As the title says, I want to know is there a musculature way to make spinning individual teeth possible. This is not the same like rotating the jaw like my question here: anatomy or musculature to achieve full rotate jaw?.

The creature I want to have such teeth, have multiple teeth, so I don't mean a needle type of mouth or mosquito type of mouth or can only spin a single tooth.

I originally think the teeth is not fixed like shark teeth, but if it's possible to achieve it even in fixed teeth, that would be welcome.

I don't mind if each spinning tooth is not synchronize with each other at the same time, even better if they can spin separately or can manipulate it to spin single/individual teeth too (just to be clear, it still can spin multiple teeth in this context).

Feel free to suggest the tooth shape to accommodate/enable such spinning to be possible, since I originally thought to use full canine teeth/fang just a bit of swirl, or a wave like in cone drill pattern, or like this one.

  • 1
    $\begingroup$ Gear bones spinning with pressure from air/water. Strong muscles contract a sac to create high pressures that move the gears.... Basicay like how spider legs work, but a lil bit complex.... The musculature needed are a few more more dedicated heart like pumps that control those teeth $\endgroup$
    – user80960
    Dec 3, 2020 at 16:19
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    $\begingroup$ Muscles don't work that way. $\endgroup$
    – DKNguyen
    Dec 3, 2020 at 23:12
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    $\begingroup$ And here I thought that multiple rows of needle-like sharp teeth is the scariest thing you can do with the design of a creature's mouthparts. Then you came in with this question about drill-teeth. Bravo! shudders $\endgroup$ Dec 4, 2020 at 2:18
  • $\begingroup$ Something like this? youtu.be/8_Z1ei3DQWY?t=210 or actual individual teeth pretending they are drillbits? $\endgroup$
    – PcMan
    Dec 4, 2020 at 4:19
  • $\begingroup$ @PcMan no, that one more resemble my old question about "anatomy or musculature to achieve full rotate jaw?" this one is individual teeth that can spin like drill. $\endgroup$
    – Li Jun
    Dec 4, 2020 at 5:06

3 Answers 3


Forget muscles, mount the teeth on electric motors.

Just like the flagellum, you could mount your teeth on biological electrical motor (yes, they really use electric motors). While flagellum motors are extremely small, a larger design that rotated with more torque and a lower rotation speed should be possible.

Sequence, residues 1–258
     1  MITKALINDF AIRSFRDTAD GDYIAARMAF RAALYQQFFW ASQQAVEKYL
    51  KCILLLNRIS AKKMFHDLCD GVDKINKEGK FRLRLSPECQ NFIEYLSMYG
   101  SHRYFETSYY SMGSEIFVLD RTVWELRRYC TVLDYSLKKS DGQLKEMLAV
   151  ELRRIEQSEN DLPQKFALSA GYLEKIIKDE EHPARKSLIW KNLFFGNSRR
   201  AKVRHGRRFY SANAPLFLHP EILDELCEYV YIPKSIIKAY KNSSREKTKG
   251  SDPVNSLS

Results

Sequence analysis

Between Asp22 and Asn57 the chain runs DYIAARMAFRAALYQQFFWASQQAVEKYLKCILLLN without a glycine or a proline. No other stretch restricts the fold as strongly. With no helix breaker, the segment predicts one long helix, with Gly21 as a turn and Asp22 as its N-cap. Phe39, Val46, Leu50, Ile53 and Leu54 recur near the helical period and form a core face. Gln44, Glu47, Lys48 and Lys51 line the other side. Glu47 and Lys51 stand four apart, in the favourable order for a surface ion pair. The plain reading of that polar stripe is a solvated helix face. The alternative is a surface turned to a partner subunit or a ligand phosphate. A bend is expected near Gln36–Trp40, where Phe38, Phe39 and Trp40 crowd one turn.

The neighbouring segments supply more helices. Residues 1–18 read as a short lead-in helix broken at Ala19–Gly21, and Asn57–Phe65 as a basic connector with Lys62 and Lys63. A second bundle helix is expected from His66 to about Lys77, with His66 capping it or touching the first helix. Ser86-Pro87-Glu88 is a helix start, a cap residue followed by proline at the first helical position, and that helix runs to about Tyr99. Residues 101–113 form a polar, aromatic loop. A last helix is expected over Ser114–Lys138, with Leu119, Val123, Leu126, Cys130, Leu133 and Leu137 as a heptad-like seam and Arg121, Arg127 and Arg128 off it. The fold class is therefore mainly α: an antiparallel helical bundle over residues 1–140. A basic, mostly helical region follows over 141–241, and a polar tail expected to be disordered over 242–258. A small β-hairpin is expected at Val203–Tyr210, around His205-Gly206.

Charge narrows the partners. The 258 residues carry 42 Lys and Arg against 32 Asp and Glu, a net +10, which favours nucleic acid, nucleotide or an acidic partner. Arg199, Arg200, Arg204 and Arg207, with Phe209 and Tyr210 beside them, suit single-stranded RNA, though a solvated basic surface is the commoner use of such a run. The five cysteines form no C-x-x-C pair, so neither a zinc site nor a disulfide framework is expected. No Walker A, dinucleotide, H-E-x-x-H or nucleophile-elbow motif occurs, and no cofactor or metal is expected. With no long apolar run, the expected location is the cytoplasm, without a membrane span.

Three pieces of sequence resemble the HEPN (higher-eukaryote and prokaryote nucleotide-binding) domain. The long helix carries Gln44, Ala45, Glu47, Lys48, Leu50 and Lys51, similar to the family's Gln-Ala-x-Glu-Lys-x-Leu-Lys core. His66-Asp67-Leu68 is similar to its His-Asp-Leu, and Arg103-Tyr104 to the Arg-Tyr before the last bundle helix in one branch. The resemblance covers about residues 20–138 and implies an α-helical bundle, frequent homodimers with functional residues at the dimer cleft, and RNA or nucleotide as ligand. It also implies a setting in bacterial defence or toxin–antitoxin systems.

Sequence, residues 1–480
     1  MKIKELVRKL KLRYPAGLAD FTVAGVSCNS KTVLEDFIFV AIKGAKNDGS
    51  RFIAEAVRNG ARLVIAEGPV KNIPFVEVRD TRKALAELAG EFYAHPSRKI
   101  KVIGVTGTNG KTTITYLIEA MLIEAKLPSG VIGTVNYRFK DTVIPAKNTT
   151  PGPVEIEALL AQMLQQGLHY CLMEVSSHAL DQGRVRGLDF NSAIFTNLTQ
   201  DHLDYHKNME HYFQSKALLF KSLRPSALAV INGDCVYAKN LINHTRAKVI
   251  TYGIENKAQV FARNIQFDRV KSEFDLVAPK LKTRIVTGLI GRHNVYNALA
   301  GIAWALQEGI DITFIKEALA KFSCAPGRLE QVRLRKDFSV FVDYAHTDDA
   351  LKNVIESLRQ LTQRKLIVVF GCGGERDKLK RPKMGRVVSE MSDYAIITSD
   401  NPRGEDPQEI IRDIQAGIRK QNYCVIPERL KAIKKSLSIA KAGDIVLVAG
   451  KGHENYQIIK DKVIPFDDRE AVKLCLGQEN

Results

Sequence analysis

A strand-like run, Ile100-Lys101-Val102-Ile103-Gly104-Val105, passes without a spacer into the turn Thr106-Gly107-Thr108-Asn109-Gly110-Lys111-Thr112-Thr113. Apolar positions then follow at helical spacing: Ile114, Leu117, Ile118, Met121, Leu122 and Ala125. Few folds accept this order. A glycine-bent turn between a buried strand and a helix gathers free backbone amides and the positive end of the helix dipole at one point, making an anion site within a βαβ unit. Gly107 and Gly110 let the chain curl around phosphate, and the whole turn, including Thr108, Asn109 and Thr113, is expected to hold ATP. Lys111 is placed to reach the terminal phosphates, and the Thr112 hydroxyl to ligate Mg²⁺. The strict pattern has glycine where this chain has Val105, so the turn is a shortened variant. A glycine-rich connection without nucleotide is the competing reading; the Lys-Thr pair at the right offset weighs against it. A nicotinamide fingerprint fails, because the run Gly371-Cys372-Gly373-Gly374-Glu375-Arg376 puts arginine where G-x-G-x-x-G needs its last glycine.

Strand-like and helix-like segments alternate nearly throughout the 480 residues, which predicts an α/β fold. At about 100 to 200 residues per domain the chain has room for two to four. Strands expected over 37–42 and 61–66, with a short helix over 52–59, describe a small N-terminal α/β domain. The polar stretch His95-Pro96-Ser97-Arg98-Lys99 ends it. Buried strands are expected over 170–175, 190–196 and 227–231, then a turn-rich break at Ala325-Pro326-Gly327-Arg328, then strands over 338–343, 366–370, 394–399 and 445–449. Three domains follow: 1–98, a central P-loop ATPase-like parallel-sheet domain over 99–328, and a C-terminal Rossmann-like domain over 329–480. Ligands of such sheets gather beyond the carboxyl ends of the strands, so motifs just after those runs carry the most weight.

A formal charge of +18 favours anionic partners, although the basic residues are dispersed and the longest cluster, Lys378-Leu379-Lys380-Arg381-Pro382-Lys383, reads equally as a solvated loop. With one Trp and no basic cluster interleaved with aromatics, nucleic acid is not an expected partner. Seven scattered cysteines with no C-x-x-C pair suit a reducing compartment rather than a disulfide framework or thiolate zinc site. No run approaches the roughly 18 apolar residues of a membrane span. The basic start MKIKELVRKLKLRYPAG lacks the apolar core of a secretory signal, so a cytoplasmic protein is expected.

You also need a redesign to support increased axial loads typically associated with teeth. This is commonly known as a thrust bearing in mechanical engineering.

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    $\begingroup$ Or fluid driven motors. $\endgroup$
    – DKNguyen
    Dec 3, 2020 at 23:13

If you wish for full, unlimited rotation, I am afraid there is nothing like that in the real world.

You can draw some inspiration from carnivore mollusks, though. Mollusks in general have a tongue-like organ called radula, which is covered in teeth and is able to move sideways a bit. In many species those teeth are even mineralized with stuff like magnetite, which rates at 5.5 to 6.5 in the Mohs scale. For comparison, human tooth enamel is rated 5.0, which means radulae can very easily scratch teeth, and with time and patience they can easily turn teeth into dust. Such radulae can also cut through glass (Mohs rating 5.5).

The radular teeth can generally bend in a sideways direction (...) In a flexoglossate radula (the primitive condition), the teeth flex outwards to the sides as they round the tip of the odontophore, before flexing back inwards.

And this is what some radulae look like under an electron microscope:

A picture of some snail's radular teeth

The white scale bar at the bottom of the image is 10 μm long.

And since mollusks have no class consciousness at all, there is even a species of snail that is called "oyster drill" - it drills into oyster shells to eat them. While it does not drill as you probably expected, it does pierce into hard shells by constantly licking into the oyster shell with its radula.

That said, your creature could have a set of rigid radulae instead of actual vertebrate teeth. Each radula would then be capable of rotation by twisting itself either clockwise or counterclockwise, for a few turns (like a steering wheel, or a tap/faucet). Once it reaches its limit, a radula from your creature would then twist to the other side to continue "drilling".

The teeth of the radula could evolve to tesselate diagonally, and to have such spacing between them that when the creature does a single turn, it will leave marks similar to those that would be made by the drills you mentioned in the question.


With question like this that are based on mechanical objects or properties of technological objects and have not been observed in nature, I think a slight handwave copy but with biological parts would be easily accepted by most audiences and those scientific minded viewer would still be happy as they dont have an example to say you are incorrect.

Just allow enough fluid or saliva to grease the parts in motion and do a direct copy of the mechanical object but take properties of similar individual biological parts to sell the idea.


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